To fly the flag is to honor the mystic chords of memory. It is to hear not a harmonious hymn of battle but the disharmony of peaceful dissent. It is to record the jangling discords of the march of freedom, not a symphony of complacency nor an orchestration of complicity in the slow undoing of those human rights to which this nation has always been committed, and to which we are committed today at home and around the world. To fly the flag—to raise it on this day, Flag Day—is to celebrate the greatness of America.
We are a great nation, not because we have always been good, but because we have never failed to try to do good; to right the wrongs of America as God gives us the firmness to see the right; to see to it that we are true to what we said on paper, so every American will be able to sit down together at the table of brotherhood; to see a sea of flags—from sea to shining sea—where liberty is our birthright and life itself is an unalienable right.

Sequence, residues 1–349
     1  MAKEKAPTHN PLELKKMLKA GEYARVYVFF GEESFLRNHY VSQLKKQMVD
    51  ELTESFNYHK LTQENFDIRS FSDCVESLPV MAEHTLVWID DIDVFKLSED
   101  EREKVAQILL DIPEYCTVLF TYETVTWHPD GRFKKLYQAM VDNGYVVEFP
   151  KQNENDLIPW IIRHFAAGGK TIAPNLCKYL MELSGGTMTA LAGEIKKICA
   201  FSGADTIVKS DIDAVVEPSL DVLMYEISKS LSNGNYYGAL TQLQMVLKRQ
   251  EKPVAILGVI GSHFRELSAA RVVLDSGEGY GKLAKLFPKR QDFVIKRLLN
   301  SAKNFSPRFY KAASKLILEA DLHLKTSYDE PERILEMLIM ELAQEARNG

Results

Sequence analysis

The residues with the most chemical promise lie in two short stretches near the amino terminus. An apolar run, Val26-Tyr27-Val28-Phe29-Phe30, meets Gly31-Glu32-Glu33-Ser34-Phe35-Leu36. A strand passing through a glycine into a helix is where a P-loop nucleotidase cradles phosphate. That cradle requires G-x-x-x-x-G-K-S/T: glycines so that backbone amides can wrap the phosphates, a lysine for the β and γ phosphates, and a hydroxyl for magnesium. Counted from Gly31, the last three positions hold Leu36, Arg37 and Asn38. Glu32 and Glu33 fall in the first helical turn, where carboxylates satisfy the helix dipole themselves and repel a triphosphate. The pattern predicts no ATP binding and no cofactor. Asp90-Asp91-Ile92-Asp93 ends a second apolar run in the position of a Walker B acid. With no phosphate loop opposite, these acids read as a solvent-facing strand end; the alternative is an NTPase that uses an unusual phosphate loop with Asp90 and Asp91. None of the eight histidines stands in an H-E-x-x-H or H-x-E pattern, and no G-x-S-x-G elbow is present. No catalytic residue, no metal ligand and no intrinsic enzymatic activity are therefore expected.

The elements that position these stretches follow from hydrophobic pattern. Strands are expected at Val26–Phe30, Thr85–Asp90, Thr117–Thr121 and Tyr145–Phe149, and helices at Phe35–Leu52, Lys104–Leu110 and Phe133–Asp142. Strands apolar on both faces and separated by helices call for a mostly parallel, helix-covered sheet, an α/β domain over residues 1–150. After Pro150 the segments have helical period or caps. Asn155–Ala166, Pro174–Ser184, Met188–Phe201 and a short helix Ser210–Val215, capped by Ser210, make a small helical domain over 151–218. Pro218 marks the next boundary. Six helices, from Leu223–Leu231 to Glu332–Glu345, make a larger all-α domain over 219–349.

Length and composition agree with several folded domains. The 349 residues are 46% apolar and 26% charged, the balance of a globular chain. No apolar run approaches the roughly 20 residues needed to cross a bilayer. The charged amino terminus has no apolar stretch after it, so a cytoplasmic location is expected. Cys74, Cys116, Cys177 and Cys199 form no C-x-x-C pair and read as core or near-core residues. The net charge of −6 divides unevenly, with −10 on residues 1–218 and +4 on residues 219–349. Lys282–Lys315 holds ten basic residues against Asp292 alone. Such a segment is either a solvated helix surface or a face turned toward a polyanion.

To see our flag is to feel what no other flag evokes: tranquility. It is the tranquility no Christian can feel when Islamists wave the Black Banner of death. It is the tranquility no Jew can feel when racists wrap themselves in the imperial tricolor of hatred and defeat, where the crooked cross of evil profanes the cross of Christendom. It is the tranquility no African American can feel when white supremacists decorate themselves with a desecration to the Union.
The right to fly these flags proves we should fear no man, not when the worst among us cannot destroy the best within us. Not when we pledge allegiance to the Flag of the United States of America, and to the Republic for which it stands, one Nation under God, indivisible, with liberty and justice for all.
We pledge that, and more, because we are the land of the free and the home of the brave.
Photo credit: Tom Williams/CQ Roll Call